Hungary’s budget deficit, excluding local councils, reached 2,165 billion forints (EUR 6.3bn) at the end of July, widened by pandemic defense spending, economic stimulus and pre-financing for European Union-funded projects, the Finance Ministry said in a preliminary release of data on Friday.
The central budget ran a 1,841.4 billion forints deficit and the social insurance funds were 336.3 billion in the red, while separate state funds had a 12.7 billion surplus.
Originally, the Orbán government targeted a deficit of 367 billion forints (EUR 1 billion) for the whole year.
The ministry said spending on pandemic defense, such as acquisitions of personal protective equipment and ventilators, came to more than 520 billion forints by the end of July.
It said that payouts for EU-funded projects approached 1,274.9 billion forints by the end of July, while transfers from Brussels came to just 489.5 billion.
The government has been pre-financing EU-funded projects for years to avoid backups and ensure all available monies are used up.
“Resources necessary for jump-starting the economy are covered entirely from the Hungarian budget,” the ministry said, adding that expenditures were lifted by 123.1 billion forints for competitiveness-boosting grants for businesses as part of the policy response to the economic impact of the coronavirus crisis.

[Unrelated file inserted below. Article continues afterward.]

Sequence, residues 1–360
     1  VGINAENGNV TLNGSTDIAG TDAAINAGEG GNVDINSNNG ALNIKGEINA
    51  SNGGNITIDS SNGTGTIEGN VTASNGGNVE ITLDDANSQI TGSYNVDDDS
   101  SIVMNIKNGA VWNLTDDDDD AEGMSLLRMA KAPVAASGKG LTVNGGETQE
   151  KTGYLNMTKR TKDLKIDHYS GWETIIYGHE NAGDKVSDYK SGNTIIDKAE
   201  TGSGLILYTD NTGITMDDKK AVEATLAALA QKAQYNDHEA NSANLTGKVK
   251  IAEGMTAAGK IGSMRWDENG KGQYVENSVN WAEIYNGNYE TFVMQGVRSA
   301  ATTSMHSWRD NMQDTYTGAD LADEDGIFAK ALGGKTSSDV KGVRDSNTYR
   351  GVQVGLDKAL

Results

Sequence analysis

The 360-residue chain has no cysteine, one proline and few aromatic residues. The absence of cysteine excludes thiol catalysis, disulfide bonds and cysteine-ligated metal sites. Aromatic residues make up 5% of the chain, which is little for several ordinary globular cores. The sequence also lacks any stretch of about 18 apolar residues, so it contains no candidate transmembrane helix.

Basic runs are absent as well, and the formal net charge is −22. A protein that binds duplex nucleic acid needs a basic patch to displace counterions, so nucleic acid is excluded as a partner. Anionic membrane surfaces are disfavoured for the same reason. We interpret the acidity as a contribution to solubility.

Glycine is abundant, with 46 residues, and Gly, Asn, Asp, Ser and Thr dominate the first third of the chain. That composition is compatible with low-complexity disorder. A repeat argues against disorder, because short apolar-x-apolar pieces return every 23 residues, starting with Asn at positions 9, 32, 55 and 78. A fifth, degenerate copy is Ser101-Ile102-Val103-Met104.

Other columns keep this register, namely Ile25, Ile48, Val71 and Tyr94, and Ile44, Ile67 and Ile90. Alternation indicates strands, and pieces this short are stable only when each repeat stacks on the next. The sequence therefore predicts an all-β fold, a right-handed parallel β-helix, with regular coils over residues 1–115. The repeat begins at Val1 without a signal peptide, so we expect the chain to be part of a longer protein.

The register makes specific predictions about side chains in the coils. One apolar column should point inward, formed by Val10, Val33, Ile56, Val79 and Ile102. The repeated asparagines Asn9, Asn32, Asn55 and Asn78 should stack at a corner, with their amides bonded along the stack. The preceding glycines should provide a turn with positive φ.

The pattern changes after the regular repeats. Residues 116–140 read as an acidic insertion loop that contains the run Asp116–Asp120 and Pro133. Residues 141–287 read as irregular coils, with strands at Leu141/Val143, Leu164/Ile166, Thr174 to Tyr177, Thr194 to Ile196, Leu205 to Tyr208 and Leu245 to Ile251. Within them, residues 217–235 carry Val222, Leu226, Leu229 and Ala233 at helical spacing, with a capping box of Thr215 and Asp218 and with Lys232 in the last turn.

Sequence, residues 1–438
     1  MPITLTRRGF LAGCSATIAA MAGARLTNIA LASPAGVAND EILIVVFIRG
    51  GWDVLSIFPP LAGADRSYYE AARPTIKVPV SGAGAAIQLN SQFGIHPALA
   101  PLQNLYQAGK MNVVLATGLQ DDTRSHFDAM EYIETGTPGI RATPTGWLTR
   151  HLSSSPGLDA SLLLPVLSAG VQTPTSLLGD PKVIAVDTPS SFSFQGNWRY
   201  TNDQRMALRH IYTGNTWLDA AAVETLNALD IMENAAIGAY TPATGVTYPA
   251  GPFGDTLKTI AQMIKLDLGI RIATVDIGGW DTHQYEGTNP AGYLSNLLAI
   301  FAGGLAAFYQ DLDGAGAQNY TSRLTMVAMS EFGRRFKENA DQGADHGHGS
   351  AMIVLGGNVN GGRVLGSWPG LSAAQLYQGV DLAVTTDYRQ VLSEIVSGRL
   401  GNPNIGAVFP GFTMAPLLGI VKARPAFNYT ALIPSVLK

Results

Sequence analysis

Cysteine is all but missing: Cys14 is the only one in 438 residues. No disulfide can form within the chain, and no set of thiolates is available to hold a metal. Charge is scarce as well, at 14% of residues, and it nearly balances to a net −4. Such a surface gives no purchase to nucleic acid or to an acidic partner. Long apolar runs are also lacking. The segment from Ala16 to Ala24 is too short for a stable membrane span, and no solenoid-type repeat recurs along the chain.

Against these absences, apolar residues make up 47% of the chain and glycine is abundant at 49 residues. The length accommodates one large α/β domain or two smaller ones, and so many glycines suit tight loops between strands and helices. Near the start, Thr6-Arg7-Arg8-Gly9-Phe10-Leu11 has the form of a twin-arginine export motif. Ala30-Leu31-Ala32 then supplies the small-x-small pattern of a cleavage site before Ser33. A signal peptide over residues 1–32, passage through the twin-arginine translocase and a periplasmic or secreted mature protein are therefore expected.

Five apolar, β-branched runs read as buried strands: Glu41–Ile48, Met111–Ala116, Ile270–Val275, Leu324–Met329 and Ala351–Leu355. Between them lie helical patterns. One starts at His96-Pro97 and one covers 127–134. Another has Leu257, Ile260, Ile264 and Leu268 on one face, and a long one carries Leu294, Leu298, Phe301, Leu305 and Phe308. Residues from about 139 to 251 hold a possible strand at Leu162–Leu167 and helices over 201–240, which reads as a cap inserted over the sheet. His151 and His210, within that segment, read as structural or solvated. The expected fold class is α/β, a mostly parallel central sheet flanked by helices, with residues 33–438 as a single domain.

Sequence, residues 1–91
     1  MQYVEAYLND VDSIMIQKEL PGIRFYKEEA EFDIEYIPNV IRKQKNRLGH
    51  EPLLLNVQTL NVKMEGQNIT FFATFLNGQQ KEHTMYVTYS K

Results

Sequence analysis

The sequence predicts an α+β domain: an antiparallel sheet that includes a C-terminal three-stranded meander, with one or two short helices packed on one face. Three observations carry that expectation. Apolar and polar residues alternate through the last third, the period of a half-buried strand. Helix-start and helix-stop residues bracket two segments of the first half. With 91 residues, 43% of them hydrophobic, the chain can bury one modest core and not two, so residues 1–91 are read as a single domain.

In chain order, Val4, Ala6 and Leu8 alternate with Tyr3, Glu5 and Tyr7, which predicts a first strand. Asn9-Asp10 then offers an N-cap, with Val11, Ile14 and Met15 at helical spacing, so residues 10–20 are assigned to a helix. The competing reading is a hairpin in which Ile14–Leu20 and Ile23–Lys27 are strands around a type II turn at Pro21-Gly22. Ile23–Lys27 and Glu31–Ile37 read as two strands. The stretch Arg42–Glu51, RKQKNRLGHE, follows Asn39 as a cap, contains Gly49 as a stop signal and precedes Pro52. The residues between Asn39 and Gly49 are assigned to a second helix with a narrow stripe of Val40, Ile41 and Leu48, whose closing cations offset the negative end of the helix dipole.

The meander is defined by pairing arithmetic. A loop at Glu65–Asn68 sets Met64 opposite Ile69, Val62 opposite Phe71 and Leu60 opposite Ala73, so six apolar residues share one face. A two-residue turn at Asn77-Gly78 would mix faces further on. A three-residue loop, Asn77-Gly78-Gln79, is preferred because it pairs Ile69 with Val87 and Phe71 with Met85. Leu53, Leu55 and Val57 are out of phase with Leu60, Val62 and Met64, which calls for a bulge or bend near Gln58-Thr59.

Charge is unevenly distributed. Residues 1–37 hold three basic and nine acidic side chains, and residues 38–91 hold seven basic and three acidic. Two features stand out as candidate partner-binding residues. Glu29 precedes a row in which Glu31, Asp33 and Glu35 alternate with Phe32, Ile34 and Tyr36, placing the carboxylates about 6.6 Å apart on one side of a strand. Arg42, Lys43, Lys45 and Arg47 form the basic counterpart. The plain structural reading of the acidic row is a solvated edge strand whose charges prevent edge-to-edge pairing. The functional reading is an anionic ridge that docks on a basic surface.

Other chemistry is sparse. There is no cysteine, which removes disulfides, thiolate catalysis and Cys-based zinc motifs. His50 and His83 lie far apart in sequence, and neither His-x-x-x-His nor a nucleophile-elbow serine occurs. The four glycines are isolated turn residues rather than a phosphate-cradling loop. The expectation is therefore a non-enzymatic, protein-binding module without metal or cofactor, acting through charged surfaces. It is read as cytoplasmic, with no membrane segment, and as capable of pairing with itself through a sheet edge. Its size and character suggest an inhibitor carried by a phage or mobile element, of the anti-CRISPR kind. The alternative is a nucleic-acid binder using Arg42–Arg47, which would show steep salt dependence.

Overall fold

It also noted a combined 302.8 billion forints in spending on road developments and upkeep, 29.1 billion for investments carried out in the framework of the Modern Cities Programme and 27.0 billion in subsidies for purchases of vehicles by large families.
One-off performance bonuses for healthcare professionals cost the budget 101.3 billion.
“Although the economic recovery has begun, the jump-start after the state of emergency will continue to require resources of a large scale. It is the government’s intention to give Hungarian businesses all means of support and to create as many workplaces as have been lost because of the pandemic,” the ministry said.
In the featured photo illustration: Finance Minister Mihály Varga. Photo by Tibor Illyés/MTI